Lindzay has lived with injuries for years, which have been ameliorated by her practice of yoga and healthy living but still can affect her. “When I dislocate my shoulder, I practice, trying to observe the pain. But it becomes so overwhelming there is no more observation. And when we’re talking about dying, with the exception of practiced masters, there are very few people able to observe their own death.” She is particularly struck by how the character of Lear, despite his burgeoning mental condition, remained lucid and self-aware—and therefore able to reflect on his misfortunes. For Lindzay, a healthy body is key to functioning in the aspects of life that matter. “I would not be able to do what Shu-wing wanted if I was weak. These dancers could not do what the director wanted if their health and bodies weren’t robust. That is the most basic of requirements for so many people to enjoy life and to make a living.”

Her emphasis on physicality and reflections on the state of the body in the context of her own health and her yoga practice are indirectly related to her bond with Master Nan Huai-chin (1918–2012), a seminal cultural polymath who was remarkable for his versatility in Confucianism, Daoism, and Buddhism, including Vajrayana as well as the tangmi (Chinese esoteric Buddhism) practice of bodhisattva Cundi’s dharanis and rituals.

“There are ‘eight limbs’ in yoga, and one of them is asana, or physical practice,” she said. “And I just happened to practice asana with Master Nan’s daughter-in-law. We always practiced hard together in class. And then she told me she was taking some students to see her father-in-law, and that’s how I met him 15 years ago. And he was kind and generous.”


When the group arrived at Master Nan’s Taihu Great Learning Centre in Suzhou, all his students told Lindzay and her group that they were remarkably lucky to enjoy a personal meeting with him. Reflecting on all that he taught, she said that she felt completely blind: “I still am: only now do I reflect on what he said with fresh eyes and a different perspective. Every day he gave us a hard schedule: we had to meditate the whole day, and if you have a weak mind you can’t do it. But if you have a weak body, you also can’t do it, even if you have a strong mind.”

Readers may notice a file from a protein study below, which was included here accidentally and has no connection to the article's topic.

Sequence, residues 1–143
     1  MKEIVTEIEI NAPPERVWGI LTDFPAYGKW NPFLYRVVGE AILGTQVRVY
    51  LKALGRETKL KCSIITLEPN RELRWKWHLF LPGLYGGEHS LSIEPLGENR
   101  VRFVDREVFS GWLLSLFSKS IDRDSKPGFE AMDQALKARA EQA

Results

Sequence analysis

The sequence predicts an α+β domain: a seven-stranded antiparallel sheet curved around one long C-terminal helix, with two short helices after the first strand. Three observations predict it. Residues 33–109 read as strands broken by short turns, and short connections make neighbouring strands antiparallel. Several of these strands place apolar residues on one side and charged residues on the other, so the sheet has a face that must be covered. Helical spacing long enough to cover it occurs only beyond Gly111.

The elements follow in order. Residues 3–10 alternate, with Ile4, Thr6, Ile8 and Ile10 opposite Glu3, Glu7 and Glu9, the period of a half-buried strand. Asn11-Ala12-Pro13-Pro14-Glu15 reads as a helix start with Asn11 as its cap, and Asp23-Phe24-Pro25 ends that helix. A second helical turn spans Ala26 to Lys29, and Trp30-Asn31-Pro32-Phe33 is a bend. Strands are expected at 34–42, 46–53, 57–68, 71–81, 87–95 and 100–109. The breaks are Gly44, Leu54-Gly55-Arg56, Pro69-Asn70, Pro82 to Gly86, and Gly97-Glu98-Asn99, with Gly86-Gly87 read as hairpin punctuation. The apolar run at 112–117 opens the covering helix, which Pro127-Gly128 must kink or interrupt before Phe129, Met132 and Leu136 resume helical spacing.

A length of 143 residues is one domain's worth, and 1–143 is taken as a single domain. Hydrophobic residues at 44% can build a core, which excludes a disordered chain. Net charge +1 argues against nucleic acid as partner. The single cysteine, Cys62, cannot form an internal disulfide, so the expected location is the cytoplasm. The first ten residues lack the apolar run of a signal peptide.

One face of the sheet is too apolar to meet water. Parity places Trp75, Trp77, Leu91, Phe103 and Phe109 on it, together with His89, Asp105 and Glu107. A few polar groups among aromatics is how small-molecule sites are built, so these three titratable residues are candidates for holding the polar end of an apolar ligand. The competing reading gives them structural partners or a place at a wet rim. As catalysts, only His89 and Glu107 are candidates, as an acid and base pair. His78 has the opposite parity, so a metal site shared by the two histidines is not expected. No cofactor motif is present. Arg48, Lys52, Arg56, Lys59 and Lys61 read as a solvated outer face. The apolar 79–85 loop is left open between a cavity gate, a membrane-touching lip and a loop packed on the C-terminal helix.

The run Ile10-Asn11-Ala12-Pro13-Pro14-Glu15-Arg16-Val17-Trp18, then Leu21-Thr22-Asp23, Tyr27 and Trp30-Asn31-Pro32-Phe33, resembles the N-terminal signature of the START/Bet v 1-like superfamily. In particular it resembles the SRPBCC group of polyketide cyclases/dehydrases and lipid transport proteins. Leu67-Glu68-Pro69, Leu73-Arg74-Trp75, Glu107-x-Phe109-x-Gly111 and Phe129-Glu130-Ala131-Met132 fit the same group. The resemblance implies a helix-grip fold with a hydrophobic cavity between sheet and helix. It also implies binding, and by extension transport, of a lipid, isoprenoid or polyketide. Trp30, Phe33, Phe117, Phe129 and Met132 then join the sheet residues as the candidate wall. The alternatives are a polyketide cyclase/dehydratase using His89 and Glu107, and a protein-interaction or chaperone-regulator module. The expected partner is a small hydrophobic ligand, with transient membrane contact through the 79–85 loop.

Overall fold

Lindzay related how she had to write a report each day about what she felt in her meditative experience. “I wrote page upon page of observations, very basic stuff—my mind was wandering, my body hurt . . . and then at the end of it all, all he wrote was, kai kai xin xin guo re zi (开开心心过日子).” This translates to roughly: “Live out your days happily.” At first, Lindzay was surprised and not a little disappointed. “I remember my reaction: really? I had written all these pages and that was all you had to say?” she recalled, laughing.

“Of course, I was reading it with a judging and limited mind. But since then, as I’ve lived up to now, I look at his words completely differently and I realize how hard it is. But it’s what I endeavor to live up to. It’s so easy to become unhappy in everyday life, to get thrown off by a rude remark or a nasty encounter. And as we get older, we and those we care about experience sickness and death. We experience these realities that Shakespeare revealed so eloquently and vividly. But Master Nan’s line has stuck with me and that is my daily practice. How can you get up with a smile on your face? How can you meet misfortune and failure and not regret it? Kai kai xin xin guo re zi: that is at once the easiest and the hardest thing.”

It is remarkable how resonant Lindzay’s idea of Shakespeare is with the universalist message of Buddhism. It is also interwoven with her reflections about physicality and health, and even her bond with Master Nan. As an amateur history enjoyer, it was initially difficult for me to understand how Shakespeare’s plays can be separated from his historical context. It did not take much for Lindzay to correct my preconception, and even as I scrambled to book my place for Tang’s King Lear, I already know that every one of Shakespeare’s masterpieces pass the test for a no-dialogue rendition in the hands of a good director. And the universal messages of the human experience in Shakespeare, from ruminations on grief and impermanence to explorations of fate and agency, are marvelous education for any spiritually minded person.